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Four Timeless Marketing Lessons from the Lego Movie

May 9th, 2014 · No Comments · General Marketing, Movies, The Joy of Fatherhood

lego-movie-marketing-lessonsA few weeks ago, I took my Lego-obsessed 9 year old son to see the Lego Movie, and thus claimed the title of World’s Most Awesome Dad (at least until my son’s bedtime rolled around). The Lego Movie was awesome. I don’t think it’s in theaters anymore, but if you missed it, I recommend you see it when it comes out on DVD, even if you don’t have kids (for after all, aren’t we all kids at heart?). Knowing my son, I’m guessing we’ll be buying the Lego Movie DVD when it is released. I am constantly reminded of the movie by my son, who seems to build a new Lego creation almost everyday, and often answers questions with the phrase, “Well, what would Emmet do?” My son constantly hums the Lego Movie theme song, “Everything is Awesome,” which means the song is now always playing in the back of my mind, in fact, it’s playing in my head right now as I write this post.

The plot for the Lego Movie is pretty straightforward. Emmet Brickowski, your typical “regular Joe” normal everyday-kind-of-guy Lego construction worker minifigure, accidentally stumbles upon and finds the key to saving the Lego Universe from the evil tyrant, Lord Business. Emmet joins the rebel group of expert Lego Master Builders (humorously cast as Lego minifigures Batman, Superman, Wonder Woman, Abraham Lincoln, William Shakespeare, Gandalf, Shaquille O’Neal, etc), who assume that since Emmet found the key he must also be a Master Builder and is thus just as amazing and talented as they are. The Master Builders haven’t been successful in their rebellion again Lord Business, but now they believe that Emmet has arrived to save the day. Emmet initially doubts he can do it (after all, he’s just a regular guy, like me, like my son, and like all the other parents and kids in the movie theater), but during the course of the movie, he learns to believe in himself and in the end, he does save the day, and saves the Lego Universe. I don’t want to spoil the movie, other than to say it does have a Hollywood-worthy happy ending, and the movie is awesome. The Lego Movie also teaches us four timeless marketing lessons.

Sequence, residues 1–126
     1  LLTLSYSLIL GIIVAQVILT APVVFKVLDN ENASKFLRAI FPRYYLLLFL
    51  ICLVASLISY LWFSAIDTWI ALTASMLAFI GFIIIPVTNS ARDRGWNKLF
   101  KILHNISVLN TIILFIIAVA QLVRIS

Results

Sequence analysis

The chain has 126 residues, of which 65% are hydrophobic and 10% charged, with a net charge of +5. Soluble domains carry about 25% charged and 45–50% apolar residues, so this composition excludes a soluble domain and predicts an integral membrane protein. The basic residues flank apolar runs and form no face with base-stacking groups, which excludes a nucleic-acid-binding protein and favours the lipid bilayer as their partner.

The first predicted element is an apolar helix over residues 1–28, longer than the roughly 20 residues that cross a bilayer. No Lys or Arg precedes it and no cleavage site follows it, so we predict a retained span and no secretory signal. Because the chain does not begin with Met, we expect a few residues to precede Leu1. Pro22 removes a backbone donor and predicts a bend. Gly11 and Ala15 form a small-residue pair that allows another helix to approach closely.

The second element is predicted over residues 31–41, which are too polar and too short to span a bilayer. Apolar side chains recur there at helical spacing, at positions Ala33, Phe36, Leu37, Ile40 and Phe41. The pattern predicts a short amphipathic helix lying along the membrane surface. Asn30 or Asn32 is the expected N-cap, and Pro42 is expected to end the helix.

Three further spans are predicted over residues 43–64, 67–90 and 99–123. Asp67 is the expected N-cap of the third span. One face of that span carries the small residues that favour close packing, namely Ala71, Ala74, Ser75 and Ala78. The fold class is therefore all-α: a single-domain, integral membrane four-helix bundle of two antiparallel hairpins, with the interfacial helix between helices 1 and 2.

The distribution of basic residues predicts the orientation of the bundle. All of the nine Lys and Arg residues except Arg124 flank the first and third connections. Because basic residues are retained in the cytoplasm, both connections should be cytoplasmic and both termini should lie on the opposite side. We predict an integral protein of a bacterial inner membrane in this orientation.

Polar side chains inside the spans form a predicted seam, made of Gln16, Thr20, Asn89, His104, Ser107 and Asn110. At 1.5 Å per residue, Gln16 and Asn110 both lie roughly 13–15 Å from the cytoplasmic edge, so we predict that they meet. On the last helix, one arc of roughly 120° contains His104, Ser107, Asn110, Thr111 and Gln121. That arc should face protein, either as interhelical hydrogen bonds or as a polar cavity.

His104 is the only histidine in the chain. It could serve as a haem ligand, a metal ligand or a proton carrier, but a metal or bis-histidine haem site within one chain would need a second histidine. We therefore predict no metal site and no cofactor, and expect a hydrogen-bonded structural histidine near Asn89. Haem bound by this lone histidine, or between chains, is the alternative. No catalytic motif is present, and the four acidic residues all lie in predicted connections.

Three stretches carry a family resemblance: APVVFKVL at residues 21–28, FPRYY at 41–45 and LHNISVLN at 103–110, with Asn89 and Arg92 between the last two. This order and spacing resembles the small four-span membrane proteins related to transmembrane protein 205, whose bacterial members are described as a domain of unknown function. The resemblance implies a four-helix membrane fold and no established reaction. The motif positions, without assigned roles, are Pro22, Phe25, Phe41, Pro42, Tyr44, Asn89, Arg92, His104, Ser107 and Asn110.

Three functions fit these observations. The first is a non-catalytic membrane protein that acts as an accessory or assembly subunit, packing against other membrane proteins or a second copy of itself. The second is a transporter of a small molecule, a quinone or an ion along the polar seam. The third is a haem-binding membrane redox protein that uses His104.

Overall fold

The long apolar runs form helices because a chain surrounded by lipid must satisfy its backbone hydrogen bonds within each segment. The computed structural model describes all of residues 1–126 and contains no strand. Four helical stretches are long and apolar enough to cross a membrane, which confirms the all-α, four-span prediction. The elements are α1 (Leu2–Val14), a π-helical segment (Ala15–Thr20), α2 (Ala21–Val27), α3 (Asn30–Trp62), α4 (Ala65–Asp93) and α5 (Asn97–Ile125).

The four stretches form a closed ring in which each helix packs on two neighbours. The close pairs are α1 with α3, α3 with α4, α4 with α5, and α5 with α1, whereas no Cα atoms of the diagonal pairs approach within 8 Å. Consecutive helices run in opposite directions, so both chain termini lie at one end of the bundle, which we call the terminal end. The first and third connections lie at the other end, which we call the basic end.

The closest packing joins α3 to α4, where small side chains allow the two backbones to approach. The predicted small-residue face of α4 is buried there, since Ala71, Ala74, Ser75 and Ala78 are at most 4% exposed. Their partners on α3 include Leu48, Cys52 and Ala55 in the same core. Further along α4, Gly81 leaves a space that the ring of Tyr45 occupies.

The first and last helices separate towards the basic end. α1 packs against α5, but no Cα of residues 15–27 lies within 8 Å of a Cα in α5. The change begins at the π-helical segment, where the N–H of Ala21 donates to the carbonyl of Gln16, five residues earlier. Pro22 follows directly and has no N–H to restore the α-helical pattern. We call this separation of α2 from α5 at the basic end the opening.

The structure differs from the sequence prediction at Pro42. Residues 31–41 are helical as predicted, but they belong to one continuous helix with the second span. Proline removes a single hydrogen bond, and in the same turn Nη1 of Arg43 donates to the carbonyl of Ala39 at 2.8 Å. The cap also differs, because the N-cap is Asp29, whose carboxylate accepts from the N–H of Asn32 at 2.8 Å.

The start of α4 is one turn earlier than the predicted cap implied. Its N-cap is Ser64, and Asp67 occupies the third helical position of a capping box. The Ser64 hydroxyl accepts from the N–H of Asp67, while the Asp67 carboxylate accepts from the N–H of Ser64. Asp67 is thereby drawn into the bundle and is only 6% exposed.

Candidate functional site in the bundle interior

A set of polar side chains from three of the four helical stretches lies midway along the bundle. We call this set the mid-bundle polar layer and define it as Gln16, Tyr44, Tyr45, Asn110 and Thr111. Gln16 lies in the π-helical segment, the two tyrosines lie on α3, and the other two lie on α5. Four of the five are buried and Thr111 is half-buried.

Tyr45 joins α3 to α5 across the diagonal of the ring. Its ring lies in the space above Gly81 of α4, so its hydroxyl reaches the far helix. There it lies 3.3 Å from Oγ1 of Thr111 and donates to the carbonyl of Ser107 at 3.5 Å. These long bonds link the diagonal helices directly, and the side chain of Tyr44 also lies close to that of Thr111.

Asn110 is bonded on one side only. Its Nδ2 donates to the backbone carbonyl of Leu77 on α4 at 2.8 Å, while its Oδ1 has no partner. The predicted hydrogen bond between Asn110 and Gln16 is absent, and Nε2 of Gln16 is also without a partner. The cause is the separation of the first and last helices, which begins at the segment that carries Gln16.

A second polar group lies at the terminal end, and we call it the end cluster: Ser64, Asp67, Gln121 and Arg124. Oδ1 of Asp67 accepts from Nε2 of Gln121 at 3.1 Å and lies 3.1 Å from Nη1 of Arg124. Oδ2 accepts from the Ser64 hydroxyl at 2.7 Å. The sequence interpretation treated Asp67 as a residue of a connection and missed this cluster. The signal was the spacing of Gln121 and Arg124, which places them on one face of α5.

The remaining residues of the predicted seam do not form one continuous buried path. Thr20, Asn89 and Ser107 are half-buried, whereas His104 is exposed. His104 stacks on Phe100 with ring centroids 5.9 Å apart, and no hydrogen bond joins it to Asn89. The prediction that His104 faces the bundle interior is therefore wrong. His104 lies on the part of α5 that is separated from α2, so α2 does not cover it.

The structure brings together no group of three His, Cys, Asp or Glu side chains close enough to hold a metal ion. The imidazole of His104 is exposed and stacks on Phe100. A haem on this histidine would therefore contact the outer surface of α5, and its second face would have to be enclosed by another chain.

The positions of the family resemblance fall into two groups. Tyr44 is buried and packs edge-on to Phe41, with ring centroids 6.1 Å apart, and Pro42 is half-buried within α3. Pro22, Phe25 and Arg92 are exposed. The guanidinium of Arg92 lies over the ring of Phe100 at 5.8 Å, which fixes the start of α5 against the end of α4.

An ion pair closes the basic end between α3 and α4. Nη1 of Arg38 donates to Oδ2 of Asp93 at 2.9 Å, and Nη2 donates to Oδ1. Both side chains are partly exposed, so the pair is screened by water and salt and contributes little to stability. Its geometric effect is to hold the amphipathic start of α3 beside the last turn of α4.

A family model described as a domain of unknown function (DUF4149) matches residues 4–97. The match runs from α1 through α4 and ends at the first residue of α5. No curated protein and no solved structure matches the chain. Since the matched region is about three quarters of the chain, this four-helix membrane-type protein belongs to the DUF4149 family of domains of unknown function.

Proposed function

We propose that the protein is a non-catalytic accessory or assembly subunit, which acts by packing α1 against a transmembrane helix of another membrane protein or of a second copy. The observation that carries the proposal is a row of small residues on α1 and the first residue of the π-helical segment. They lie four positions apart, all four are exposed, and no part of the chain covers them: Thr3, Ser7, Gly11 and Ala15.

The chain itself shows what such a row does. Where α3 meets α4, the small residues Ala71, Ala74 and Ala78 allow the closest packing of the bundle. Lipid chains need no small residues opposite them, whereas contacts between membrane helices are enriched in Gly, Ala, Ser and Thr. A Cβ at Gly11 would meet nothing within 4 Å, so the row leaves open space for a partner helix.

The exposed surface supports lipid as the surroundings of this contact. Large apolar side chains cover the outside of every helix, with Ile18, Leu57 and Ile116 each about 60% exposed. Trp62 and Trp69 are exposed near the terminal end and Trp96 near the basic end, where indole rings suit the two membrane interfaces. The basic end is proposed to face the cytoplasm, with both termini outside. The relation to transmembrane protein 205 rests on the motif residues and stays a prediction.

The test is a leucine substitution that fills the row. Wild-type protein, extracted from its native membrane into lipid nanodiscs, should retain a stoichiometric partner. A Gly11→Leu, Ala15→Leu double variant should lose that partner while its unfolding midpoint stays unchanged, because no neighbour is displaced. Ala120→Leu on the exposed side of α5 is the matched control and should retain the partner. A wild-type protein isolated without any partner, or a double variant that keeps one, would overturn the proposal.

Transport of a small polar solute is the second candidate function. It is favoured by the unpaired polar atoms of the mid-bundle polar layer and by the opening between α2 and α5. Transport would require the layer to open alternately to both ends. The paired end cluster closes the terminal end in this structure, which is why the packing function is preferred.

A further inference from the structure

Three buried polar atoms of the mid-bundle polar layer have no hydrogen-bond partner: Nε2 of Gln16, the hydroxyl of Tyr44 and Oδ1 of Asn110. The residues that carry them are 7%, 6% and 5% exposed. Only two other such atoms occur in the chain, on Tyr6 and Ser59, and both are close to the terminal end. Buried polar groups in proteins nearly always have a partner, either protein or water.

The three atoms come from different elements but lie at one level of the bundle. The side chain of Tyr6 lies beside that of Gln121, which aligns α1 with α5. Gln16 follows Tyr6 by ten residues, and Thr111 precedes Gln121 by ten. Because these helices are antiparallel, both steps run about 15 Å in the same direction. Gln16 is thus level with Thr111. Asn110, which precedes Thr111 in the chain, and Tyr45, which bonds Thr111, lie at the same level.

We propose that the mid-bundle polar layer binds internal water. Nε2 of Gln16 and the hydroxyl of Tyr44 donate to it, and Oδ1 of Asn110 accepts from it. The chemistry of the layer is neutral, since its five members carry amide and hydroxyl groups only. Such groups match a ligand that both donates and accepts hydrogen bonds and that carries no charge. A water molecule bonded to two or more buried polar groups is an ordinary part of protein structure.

1. Following the Rules Is Important
When all else fails, read the directions…
The premise of the Lego Movie is pretty basic. Emmet, an ordinary Joe, is expected to save the (Lego) world. But all he knows how to do is follow instructions. He doesn’t know how to create amazing things like the expert Master Builders, and Emmet wonders what he can do to help. However, we soon see in the movie that although the Master Builders are super creative, the evil Lord Business, anticipates and thwarts their every move. The key turns out to be doing the unexpected, which is actually following the directions. In the real (marketing) world, this translates into knowing and following the fundamentals. There are no silver bullets or shortcuts to marketing success. Marketing is hard work and takes time. The basics matter. You need a good product or service. You need excellent customer service. You need to stay current with the times, embracing social media, while not forgetting the best “old school” marketing tactic ever, word-of-mouth.